At the theoritical ground, many models have been built up to accommodate the impact of anticipated money supply and unanticipated money supply towards real economic. Cooley and Hansen [25] employed real business cycel model with a cash-in-advance constraint money system. In Cooley and Hansen model, information imperfection has been assumed to accommodate the unanticipated money supply, thus, households have limited or no ability to inference market while money fluctuation is presented. Furthremore, households cannot observe the shocks in the model, therefore, inccurate decisions could be made. Although, Cooley and Hansen found strong evidence of the correlation between money supply and real output, however, the model has failed to explain the relationship between these variabes. Fisher and Seater [26] employed ARIMA model to develop a method on testing money neutrality and superneutrality position based on the long run derivative, LRD. All the tested variables are set into log-transform and free from unit root at k order. The k order integration for real output and money supply are important to determine the whether the money supply is hold under neutrality or superneutrality. Superneutrality posiotion hold when the k order integration of money supply is greater than the integrationorder of real output for one (k+1). At this moment, the changes of real output would be regreessed into the changes of money supply because the permenant changes could be found from these variables. If the order of both variables are one, then the method would be able to test the long run elasticity of money supply towards real output. Fisher and Seater [26] claimed that, cointegration test is unnecessary in this method, it is because this method on how changes of money supply influence the other variables’ growth rate. If any of the variables pose zero order of integration, the long run derivative can not be tested and neither long run neutrality nor long run superneutrality hold in the test.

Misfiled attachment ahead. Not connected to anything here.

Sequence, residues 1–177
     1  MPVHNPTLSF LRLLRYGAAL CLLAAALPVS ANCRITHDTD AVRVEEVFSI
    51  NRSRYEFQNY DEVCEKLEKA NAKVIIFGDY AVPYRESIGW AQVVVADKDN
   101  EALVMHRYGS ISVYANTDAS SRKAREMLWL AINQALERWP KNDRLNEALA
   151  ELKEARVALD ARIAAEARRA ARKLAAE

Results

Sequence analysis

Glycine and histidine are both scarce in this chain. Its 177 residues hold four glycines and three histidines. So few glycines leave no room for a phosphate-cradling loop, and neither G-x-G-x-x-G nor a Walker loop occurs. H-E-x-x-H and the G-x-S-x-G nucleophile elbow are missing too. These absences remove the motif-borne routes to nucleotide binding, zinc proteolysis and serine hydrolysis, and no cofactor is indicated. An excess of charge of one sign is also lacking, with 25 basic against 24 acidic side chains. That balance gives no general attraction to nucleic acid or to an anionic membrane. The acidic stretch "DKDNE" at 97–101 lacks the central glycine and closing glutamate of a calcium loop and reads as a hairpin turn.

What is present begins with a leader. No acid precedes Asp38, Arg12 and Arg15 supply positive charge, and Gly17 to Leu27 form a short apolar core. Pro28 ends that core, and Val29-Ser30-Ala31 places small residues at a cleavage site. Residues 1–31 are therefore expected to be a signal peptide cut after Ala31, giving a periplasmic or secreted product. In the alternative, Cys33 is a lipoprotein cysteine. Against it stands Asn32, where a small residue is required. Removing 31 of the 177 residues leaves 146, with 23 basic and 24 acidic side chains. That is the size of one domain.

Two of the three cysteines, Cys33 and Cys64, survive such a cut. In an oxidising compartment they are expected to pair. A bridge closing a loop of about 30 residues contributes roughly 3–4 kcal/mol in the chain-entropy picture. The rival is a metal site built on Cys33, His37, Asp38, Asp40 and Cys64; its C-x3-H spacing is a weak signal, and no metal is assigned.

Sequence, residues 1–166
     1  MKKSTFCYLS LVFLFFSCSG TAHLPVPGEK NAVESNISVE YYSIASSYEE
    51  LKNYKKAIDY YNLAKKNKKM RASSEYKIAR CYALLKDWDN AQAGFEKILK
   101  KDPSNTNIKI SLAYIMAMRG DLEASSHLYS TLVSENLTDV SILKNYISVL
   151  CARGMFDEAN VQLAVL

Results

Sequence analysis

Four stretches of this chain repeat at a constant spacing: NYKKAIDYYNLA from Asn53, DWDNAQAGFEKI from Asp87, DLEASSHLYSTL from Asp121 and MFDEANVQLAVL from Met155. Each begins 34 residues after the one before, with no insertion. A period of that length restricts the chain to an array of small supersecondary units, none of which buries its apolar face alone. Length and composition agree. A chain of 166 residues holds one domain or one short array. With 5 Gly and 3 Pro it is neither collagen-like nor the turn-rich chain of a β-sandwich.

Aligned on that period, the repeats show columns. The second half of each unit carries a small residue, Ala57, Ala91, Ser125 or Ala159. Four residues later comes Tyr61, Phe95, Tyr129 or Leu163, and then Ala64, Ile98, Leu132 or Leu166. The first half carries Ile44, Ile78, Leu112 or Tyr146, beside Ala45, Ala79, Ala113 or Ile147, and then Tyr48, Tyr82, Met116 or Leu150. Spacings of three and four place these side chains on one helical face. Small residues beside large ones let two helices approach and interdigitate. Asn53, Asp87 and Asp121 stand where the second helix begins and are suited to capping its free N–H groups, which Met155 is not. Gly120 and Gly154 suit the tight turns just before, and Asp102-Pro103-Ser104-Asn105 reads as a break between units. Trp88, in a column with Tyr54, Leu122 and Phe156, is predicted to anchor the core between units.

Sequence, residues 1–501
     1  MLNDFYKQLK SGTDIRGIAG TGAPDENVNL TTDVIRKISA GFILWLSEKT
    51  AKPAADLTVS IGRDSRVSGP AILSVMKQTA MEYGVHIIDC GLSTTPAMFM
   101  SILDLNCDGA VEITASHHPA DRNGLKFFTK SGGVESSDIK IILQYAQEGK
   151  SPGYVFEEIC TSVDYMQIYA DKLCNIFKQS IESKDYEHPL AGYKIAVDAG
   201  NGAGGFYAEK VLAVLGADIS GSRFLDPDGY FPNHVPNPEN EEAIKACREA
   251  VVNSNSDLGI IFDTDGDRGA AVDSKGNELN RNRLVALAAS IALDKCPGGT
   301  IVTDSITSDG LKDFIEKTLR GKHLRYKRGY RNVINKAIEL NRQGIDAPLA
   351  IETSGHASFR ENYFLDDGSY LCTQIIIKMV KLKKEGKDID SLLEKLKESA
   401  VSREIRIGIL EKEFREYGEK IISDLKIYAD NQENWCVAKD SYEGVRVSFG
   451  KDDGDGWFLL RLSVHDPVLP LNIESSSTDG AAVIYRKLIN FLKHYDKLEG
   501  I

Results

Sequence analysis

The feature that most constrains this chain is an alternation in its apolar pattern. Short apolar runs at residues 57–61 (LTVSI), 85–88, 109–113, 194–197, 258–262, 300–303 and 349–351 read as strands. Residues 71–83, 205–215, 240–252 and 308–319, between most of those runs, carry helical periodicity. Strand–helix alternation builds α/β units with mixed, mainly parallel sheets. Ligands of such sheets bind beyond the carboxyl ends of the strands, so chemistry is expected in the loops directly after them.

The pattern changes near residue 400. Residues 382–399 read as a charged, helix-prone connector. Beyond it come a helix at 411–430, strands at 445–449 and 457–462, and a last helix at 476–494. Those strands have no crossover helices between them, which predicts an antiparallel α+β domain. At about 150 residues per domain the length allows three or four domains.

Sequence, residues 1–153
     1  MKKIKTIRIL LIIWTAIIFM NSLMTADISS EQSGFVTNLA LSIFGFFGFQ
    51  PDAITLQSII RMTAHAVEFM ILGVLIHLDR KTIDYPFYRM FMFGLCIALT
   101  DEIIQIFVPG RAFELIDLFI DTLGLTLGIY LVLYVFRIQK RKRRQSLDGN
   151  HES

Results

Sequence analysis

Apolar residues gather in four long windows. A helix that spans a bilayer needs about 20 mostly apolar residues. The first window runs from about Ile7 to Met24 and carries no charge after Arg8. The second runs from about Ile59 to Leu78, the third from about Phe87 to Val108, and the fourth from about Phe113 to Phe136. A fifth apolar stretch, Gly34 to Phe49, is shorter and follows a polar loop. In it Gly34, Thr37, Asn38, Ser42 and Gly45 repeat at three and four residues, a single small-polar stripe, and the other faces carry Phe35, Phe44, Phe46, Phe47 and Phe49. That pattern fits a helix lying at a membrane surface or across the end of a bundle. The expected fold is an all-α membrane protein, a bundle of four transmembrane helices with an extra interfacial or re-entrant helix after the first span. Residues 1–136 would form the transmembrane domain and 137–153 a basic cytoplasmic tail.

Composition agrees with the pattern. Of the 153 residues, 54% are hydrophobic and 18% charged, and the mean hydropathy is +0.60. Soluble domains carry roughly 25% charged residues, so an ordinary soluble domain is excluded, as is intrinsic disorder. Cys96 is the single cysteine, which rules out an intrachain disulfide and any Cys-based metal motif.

King and Watson [27] also provided another approach to examine the neutrality position of money supply. Bivariate VAR model of order p, for money supply neutrality position, is proposed as below:

equation (1)

equation (2)

Δyt and mt are represent the changes of output and money supply at time t, λym captures the contemporanous effect of money supply towards real output, λym captures the effect of real output towards real output, ∈ηt is vector of shocks from other variables than money supply, and ∈mt is the exogenous shock of money. However, for the long run superneutrality of money supply, the equation (1) can be extended into the following equation:

equation (3)

King and Watson (1997) poses two assumption which are, covariance of ∈ηt and ∈mt have to be equal to zero and one out of the following coefficients (λym, λmy, γmy and γym) must be known or set to zero.